The following is an excerpt from a samvaad (dialogue) session with Acharya Prashant.
स्वधर्ममपि चावेक्ष्य न विकम्पितुमर्हसि ।।
धर्म्याद्धि युद्धाच्छ्रेयोऽन्यत्क्षत्रियस्य न विद्यते ।। 2.31 ।।
swa-dharmam api chāvekṣhya na vikampitum arhasi
dharmyāddhi yuddhāch chhreyo ’nyat kṣhatriyasya na vidyate
Even considering your own duty you should not waver (from the fight). Since there is nothing else better for a kshatriya than a righteous battle.
~Shrimad Bhagavad Gita, Chapter 2, Verse 31
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Question: Acharya Ji, Pranaam! After explaining to Arjuna that he shouldn’t grieve for the embodied beings in verse 31 of the 2nd Chapter of Bhagavad Gita, Shri Krishna says, “Even considering your own duty, you shouldn’t waver. Since there is nothing else better for a Kshatriya than a righteous battle.”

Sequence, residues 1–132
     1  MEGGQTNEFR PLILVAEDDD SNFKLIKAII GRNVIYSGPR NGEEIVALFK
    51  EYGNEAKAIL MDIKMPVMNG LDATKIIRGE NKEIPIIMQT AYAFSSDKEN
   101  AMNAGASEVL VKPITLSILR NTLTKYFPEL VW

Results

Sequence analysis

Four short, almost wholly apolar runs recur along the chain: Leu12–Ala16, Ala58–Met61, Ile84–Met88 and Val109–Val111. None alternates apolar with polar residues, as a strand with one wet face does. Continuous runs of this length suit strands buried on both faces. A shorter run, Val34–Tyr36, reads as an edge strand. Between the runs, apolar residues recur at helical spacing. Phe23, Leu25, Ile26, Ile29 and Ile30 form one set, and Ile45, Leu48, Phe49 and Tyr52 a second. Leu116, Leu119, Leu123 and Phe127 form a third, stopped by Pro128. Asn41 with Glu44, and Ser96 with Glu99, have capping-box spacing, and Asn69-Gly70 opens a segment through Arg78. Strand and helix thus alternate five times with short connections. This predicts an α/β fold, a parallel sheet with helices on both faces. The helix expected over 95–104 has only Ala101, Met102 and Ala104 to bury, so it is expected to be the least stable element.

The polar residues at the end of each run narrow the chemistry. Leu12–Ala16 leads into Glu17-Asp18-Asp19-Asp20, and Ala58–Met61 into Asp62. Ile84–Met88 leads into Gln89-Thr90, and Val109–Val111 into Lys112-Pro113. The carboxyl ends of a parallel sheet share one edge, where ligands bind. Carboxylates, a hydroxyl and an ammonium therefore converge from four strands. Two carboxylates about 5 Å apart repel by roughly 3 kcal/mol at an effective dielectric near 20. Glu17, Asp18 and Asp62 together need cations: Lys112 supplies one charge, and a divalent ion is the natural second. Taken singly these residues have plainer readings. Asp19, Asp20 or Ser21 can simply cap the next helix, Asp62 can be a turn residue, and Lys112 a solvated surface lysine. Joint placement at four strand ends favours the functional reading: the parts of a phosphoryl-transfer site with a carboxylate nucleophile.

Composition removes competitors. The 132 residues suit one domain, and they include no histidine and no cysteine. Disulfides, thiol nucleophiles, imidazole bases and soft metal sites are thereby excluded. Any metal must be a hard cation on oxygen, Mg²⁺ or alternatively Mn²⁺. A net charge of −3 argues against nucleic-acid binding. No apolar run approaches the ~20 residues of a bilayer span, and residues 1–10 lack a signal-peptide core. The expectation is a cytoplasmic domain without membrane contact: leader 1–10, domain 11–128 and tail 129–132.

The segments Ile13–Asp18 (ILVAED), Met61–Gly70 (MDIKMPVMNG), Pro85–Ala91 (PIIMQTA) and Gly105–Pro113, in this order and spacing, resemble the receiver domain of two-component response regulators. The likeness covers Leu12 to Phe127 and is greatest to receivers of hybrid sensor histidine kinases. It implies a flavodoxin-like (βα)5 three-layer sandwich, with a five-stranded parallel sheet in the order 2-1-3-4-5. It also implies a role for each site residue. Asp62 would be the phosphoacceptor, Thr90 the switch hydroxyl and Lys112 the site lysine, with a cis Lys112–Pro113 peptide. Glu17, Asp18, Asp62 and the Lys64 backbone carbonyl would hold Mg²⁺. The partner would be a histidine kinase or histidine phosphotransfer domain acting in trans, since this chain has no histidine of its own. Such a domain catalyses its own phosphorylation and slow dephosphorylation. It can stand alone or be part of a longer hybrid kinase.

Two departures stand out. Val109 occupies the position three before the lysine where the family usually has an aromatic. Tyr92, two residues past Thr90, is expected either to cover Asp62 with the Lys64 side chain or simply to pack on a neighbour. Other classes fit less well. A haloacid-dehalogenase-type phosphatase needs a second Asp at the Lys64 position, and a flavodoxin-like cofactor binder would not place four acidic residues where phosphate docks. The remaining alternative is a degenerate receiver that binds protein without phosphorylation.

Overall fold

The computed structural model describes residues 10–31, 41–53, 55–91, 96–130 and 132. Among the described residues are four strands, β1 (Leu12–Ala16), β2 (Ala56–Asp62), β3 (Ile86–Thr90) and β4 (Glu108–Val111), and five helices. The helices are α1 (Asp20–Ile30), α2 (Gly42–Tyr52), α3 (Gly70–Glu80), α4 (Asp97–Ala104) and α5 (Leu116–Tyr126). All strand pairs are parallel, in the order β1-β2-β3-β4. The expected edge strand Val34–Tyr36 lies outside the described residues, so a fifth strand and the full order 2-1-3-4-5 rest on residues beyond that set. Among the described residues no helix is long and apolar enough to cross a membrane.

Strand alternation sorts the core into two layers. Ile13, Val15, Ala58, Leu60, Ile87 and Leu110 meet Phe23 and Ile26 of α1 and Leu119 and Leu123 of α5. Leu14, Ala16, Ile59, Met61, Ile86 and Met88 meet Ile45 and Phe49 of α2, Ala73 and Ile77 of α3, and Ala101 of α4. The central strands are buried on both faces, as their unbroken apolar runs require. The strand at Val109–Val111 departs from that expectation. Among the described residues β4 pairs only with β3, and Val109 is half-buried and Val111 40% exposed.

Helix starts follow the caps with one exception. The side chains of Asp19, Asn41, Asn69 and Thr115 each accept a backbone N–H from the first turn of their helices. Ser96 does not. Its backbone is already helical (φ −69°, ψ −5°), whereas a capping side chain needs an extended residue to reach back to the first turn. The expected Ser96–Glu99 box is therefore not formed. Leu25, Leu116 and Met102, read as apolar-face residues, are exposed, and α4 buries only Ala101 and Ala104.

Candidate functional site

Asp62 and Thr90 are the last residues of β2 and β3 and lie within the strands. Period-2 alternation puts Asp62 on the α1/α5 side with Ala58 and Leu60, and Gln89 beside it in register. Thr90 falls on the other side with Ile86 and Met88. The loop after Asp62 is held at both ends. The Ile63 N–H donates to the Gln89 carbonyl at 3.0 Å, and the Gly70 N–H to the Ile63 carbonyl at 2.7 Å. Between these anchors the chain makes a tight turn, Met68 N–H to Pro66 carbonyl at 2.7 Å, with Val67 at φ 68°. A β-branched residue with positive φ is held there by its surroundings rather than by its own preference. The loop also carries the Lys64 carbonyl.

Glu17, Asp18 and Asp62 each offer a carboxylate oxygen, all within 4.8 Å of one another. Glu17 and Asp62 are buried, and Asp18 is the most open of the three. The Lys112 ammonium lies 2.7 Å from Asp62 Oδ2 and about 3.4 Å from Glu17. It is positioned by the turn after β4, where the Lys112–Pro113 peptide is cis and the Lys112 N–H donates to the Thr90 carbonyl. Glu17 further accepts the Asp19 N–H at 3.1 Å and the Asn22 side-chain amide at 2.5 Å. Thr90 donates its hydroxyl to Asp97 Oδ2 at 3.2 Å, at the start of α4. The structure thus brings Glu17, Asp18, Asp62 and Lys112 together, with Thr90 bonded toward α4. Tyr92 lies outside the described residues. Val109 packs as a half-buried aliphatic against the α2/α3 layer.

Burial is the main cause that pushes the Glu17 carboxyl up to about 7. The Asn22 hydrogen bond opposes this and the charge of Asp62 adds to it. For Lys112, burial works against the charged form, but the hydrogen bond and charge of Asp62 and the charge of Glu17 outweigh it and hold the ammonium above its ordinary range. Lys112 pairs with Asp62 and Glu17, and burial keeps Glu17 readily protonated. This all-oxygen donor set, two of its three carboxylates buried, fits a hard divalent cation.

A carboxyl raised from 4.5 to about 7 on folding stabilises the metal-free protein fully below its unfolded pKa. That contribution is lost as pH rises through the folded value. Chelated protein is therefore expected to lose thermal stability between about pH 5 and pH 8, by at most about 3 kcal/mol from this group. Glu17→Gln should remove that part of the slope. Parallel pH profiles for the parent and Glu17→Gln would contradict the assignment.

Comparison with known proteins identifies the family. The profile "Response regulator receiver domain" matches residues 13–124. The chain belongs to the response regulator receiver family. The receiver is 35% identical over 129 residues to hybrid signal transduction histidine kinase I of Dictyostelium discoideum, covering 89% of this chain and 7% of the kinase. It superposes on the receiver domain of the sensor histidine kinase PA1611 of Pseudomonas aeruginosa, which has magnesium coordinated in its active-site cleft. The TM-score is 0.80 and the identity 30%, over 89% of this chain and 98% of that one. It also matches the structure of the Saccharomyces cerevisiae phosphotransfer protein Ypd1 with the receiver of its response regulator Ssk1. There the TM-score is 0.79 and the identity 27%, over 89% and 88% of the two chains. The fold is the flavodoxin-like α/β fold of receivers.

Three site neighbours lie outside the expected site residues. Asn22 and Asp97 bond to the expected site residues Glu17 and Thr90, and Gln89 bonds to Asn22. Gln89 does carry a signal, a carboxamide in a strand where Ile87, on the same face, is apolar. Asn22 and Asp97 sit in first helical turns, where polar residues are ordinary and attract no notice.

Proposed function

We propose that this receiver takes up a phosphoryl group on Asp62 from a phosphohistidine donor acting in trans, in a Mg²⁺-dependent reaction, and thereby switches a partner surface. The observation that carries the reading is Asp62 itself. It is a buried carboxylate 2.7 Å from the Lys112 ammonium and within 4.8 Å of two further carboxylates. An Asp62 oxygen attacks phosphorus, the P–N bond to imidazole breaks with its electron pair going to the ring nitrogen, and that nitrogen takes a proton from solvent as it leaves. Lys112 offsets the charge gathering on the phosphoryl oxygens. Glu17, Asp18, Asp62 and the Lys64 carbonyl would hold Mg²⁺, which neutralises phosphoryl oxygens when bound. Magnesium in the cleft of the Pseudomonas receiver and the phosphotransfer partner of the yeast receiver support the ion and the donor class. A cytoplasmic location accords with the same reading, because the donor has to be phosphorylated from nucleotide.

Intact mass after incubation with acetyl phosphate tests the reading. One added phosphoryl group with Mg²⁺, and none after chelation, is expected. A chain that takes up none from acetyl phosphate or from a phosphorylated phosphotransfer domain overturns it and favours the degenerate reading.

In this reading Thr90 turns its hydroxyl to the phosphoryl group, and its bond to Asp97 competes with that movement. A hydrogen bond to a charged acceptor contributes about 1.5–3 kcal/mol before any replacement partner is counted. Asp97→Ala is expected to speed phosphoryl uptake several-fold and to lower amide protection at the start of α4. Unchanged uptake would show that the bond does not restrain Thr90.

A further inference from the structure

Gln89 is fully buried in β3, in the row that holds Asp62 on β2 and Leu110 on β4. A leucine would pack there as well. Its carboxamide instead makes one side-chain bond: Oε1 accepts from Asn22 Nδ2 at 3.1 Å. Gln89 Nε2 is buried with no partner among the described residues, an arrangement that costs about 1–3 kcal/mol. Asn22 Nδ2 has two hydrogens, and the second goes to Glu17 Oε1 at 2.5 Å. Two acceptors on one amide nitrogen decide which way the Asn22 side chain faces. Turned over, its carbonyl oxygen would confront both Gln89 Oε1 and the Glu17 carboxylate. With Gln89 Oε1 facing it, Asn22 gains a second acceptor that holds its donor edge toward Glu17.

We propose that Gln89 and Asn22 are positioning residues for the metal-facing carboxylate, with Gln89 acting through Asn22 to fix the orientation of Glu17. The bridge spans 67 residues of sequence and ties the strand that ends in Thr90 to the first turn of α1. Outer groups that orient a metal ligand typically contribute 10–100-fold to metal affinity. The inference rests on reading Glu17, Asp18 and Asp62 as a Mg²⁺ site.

Being born into a Kshatriya clan, fighting represents Arjuna’s conditioning and training, and what he has become good at. Is there any role of conditioning in discovering one’s duty or one’s swadharma? Is adhering to one’s swadharma the same as liberation?
Acharya Prashant: Liberation is Dharma. To move to the point where one stands liberated alone is Dharma. But when we define ‘dharma’ this way, then we are talking of only one point, the point to which you have to reach. We are calling that as the point of liberation. But nobody stands at a position called ‘no position’. We all stand somewhere, and wherever we stand, that point is actually a point of conditioning. Had we not been standing somewhere, there was no need to travel to be liberated.
You could consider the point of liberation as the origin (0,0), basic x-y coordinates. Thinking of graph paper, can you see that? So liberation is at (0,0) origin. You have to go back to the very origin, where everything comes from.